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Advent, Reflectionary

Unquenchable Peace

His winnowing fork is in his hand, and he will clear his threshing floor and will gather his wheat into the granary; but the chaff he will burn with unquenchable fire.

Matthew 3:12

In the first congregation I served after seminary, when it was time to pass the peace, I noted that most members of the congregation commented on each other’s clothes, or asked about their neighbor’s grandchildren, or wondered about someone’s mother’s health. They talked about pretty much anything they could think of rather than offering each other the peace of Christ. I was frustrated, in that way you are when you feel pretty sure you know the right way to do everything. 

I stopped calling that moment in worship the passing of the peace. Instead I invited the congregation to rise and greet their neighbors. Several months later, after Easter, we read about Jesus in the Upper Room leaving his peace with the disciples. I preached about passing the peace as a radical acting out of our faith, a way of claiming our identity in Jesus Christ. 

John the Baptist offers a vivid image of the coming Messiah, wielding unquenchable fire to clear out all the mess of human systems. He has a very particular idea of who God will send, and we’ll learn later that it does not include Jesus’ fondness for having dinner with sketchy characters. John is making the way for a reordering according to God’s priorities. 

We probably all have moments when we hope for the same thing, as long as the definition of “chaff” is up to us.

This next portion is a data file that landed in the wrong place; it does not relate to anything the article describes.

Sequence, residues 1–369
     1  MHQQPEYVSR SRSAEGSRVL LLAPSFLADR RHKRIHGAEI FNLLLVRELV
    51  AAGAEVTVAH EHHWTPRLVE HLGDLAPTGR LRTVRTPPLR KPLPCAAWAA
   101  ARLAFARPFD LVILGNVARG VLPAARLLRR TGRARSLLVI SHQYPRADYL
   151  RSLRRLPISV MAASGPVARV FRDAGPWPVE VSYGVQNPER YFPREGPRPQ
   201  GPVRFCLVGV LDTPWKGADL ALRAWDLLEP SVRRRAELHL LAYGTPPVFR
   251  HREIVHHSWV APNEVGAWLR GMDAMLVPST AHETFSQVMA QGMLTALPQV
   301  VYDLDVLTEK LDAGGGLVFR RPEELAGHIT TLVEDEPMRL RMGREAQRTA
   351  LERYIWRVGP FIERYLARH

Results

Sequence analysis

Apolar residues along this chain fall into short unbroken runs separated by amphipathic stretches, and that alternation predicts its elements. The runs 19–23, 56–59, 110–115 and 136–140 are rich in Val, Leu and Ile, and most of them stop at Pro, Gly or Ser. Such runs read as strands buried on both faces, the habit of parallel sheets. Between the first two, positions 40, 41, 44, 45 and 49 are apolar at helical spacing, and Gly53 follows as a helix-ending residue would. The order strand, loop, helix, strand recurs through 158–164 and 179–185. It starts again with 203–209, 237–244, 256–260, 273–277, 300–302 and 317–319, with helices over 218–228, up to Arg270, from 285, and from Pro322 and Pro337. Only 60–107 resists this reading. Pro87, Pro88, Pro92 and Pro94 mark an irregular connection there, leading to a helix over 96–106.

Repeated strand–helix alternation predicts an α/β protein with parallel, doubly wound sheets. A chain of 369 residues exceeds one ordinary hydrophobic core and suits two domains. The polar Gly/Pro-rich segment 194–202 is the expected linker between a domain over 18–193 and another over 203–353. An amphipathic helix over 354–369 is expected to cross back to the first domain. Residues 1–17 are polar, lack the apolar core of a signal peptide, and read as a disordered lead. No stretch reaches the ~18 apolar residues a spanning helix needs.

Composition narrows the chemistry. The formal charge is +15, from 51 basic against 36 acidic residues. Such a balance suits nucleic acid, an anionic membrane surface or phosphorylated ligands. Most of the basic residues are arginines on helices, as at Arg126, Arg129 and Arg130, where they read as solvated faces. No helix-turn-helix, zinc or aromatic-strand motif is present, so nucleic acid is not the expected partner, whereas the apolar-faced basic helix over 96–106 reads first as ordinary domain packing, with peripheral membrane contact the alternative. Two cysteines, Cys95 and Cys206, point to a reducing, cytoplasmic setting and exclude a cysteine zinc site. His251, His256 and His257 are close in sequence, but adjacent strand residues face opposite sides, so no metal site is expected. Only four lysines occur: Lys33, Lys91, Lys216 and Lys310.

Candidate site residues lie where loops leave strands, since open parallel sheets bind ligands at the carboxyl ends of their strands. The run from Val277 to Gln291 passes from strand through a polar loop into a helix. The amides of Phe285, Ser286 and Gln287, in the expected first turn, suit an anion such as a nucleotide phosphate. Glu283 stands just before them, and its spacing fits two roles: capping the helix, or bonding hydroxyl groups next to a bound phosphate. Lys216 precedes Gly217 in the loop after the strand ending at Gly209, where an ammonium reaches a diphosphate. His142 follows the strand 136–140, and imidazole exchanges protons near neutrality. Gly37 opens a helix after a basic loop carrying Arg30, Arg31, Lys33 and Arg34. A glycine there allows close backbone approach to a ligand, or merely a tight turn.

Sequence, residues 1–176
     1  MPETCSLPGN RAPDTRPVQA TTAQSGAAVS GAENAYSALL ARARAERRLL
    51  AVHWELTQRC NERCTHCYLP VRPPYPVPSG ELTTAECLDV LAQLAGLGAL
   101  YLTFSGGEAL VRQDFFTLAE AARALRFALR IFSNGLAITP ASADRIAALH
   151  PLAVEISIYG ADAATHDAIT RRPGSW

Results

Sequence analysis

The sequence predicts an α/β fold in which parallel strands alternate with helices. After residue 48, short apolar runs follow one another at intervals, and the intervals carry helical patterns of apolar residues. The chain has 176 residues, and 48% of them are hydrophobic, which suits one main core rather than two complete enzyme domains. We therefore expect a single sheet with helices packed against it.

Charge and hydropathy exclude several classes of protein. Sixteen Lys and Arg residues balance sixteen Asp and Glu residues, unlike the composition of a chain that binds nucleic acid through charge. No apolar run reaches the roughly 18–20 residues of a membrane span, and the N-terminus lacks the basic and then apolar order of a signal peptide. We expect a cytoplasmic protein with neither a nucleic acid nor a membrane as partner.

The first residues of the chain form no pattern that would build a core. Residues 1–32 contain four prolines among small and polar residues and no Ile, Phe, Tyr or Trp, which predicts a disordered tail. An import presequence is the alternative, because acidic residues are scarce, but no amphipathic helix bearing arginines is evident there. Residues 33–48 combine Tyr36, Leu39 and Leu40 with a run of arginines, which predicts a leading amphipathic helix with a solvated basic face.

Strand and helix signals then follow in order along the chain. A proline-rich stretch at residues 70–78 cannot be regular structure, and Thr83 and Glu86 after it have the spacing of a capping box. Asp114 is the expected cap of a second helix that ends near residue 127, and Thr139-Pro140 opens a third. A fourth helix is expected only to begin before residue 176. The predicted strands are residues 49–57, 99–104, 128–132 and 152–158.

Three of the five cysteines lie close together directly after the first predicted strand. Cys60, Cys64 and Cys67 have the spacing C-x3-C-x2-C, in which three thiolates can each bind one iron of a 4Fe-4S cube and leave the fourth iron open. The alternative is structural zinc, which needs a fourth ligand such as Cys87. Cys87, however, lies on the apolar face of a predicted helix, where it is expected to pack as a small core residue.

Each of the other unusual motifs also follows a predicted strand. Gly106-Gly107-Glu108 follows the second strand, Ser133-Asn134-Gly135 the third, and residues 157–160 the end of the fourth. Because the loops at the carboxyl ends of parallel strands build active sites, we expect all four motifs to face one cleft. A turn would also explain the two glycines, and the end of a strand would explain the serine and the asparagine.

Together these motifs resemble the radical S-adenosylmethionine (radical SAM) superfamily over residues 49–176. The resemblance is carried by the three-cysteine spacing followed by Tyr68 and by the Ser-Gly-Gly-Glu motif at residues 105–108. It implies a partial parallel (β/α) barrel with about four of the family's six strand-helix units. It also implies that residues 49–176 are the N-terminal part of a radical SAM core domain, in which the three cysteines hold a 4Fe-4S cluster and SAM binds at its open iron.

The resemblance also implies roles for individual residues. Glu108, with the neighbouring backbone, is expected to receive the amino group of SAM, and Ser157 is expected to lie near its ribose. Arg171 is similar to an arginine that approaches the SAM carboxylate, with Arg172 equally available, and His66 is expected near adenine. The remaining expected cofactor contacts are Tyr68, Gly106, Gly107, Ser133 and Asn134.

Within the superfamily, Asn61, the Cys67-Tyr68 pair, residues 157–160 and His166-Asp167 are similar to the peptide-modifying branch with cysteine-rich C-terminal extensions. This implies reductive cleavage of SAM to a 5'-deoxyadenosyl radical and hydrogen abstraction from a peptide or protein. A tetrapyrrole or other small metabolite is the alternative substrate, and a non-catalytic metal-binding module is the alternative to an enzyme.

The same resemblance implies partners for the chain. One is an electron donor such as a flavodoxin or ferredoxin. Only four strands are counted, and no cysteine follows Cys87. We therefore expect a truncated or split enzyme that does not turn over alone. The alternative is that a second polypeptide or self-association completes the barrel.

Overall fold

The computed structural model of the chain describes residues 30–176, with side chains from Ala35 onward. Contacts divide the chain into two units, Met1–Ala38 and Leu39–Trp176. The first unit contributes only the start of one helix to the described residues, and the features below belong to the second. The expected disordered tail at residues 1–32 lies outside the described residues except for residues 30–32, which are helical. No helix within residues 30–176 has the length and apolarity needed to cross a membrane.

John expects the Messiah to burn away all the people who would not obey God, and I feel an uncomfortable identification with him when I remember how self-righteous I often felt in my first pastoral call. John is right to think that the Messiah will change the world, that the Messiah will change us. But he’s wrong about how. Jesus came to wield unquenchable peace. We see it in his healing, in his teaching, and in his dying, full of generosity for the rejected and the misaligned and the broken-hearted. Following him is all the things John suggested – letting go of our sense of importance and turning from our accustomed ways of being – and it is more – living in harmony with one another and with God, whose desire for peace will never be extinguished.

I wonder how ready we are to claim that identity? It’s tempting, instead, to talk about the weather, or that attractive reindeer pin our friend is wearing; it’s also tempting to adopt John’s perspective and threaten devastation against the people who don’t live up to our expectations. Who wants to admit, humbly, that we have been too harsh, too righteous, too wrong? 

For today, let’s try it.

The Peace of Christ be with you.


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Advent, Reflectionary

Unknown Hope

But about that day and hour no one knows, neither the angels of heaven, nor the Son, but only the Father.